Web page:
IMF predicts weaker growth next year
The International Monetary Fund (IMF) has predicted that the local economy would swell by 5.1 percent next year.
The prediction is 1.9 percentage points shy of the 7 percent Finance Minister Joseph Mwanamvekha predicted in the 2019/20 national budget.
In its latest World Economic Outlook for October released during the IMF/World Bank annual meetings in Washington last week, the IMF has further predicted the local economy to swell by 6.5 percent in 2024.
Impoverished Malawi needs at least an average growth rate of six percent per annum to maintain its poverty levels and anything above six percent to bring poverty down.
The economic outlook says Malawi’s economy to grow by 4.5 percent this year which is 0.5 percentage points shy of the five percent prediction by Mwanamvekha.
The local Chancellor of the Exchequer had argued that the local economy would register accelerated growth this year and next year on the account of favourable weather conditions during the last growing season and the consequent spillover effects to other sectors in the economy.
He added that the Zambia-Malawi power interconnection project had stabilized the country’s power supply since the beginning of 2019.
Malawi’s economic performance has remained volatile over the past 10 years, ranging from 2.1 percent in 2012 to 6.2 percent in 2014 before coming down to 2.7 percent in 2016 and rising again to 5.2 percent in 2017.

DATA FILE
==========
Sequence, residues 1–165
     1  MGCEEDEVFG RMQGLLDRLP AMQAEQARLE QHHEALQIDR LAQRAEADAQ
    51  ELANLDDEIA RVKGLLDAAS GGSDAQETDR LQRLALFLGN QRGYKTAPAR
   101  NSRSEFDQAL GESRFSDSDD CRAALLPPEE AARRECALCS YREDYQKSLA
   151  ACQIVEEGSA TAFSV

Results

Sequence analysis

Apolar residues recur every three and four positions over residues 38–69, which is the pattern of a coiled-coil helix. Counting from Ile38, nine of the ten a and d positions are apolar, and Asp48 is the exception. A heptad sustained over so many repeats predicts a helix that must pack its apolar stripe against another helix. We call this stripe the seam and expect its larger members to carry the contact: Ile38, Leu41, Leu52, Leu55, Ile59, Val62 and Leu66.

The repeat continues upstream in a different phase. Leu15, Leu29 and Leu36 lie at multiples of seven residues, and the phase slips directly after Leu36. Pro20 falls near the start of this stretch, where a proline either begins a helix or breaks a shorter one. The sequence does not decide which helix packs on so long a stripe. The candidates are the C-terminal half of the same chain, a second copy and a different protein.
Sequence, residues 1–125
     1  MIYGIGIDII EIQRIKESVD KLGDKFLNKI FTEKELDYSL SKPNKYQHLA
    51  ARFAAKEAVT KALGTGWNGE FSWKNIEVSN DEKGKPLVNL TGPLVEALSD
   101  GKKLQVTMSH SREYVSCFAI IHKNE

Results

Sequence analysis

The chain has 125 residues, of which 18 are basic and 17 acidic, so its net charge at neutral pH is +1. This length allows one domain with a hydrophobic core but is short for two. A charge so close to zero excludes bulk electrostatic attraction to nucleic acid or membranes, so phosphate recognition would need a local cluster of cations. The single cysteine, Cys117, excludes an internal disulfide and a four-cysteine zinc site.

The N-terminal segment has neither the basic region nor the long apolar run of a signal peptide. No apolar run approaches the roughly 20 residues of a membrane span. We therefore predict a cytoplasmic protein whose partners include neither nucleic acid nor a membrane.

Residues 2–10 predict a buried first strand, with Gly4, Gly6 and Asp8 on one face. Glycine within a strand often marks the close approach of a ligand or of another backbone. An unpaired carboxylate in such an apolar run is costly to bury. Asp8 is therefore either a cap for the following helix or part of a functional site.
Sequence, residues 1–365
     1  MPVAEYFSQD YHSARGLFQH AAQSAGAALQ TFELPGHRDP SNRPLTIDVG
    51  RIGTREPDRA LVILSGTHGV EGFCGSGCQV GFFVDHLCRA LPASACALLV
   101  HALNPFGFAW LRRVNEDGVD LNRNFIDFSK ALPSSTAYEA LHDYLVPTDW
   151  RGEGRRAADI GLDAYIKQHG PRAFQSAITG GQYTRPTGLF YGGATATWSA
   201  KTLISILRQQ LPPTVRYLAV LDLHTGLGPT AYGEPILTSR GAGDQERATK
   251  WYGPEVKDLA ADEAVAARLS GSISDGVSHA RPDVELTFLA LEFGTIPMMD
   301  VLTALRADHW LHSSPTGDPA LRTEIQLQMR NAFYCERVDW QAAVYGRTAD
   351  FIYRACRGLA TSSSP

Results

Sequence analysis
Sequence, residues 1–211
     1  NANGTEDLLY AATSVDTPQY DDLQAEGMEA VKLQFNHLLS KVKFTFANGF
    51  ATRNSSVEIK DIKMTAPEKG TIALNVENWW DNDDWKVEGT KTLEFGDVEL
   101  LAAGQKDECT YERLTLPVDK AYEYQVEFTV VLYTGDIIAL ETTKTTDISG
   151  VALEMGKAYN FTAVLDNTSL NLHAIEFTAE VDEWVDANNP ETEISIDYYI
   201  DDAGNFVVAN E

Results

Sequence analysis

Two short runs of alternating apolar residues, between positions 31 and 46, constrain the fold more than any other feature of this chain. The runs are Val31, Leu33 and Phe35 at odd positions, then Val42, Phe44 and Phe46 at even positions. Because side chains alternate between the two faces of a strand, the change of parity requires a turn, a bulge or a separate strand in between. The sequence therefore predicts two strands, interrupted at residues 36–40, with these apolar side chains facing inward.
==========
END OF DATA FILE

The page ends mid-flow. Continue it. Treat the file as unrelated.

In 2018, the local economy grew by 3.2 percent.
Mwanamvekha could not be reached for a comment on the IMF prediction for 2020.
Variations in economic growth prospects for Malawi has been raising debate, with commentators also wondering if the country has been doing enough towards attaining long term sustainable growth.
Malawi has registered an average 3.5 percent economic growth in the past five or so years, a rate not enough to bail it out of its current poverty levels.
Malawi is vying with the likes of Burundi, Niger, the Democratic Republic of Congo and the Central African Republic to be officially the world’s poorest country in terms of per capita income, which was under $500 (in real terms) in 2018.
In a recently issued Paper titled ‘Malawi’s May 2019 Elections; The Need to Align Politics and Policy with the People’s Needs,’ head of Johannesburg-based Brenthurst Foundation, Greg Mills, said if Malawi were to reach lower middle-income status ($996 currently) it will have to grow its economy at an average of 13 percent for the next 10 years, or 6 percent for 30 years.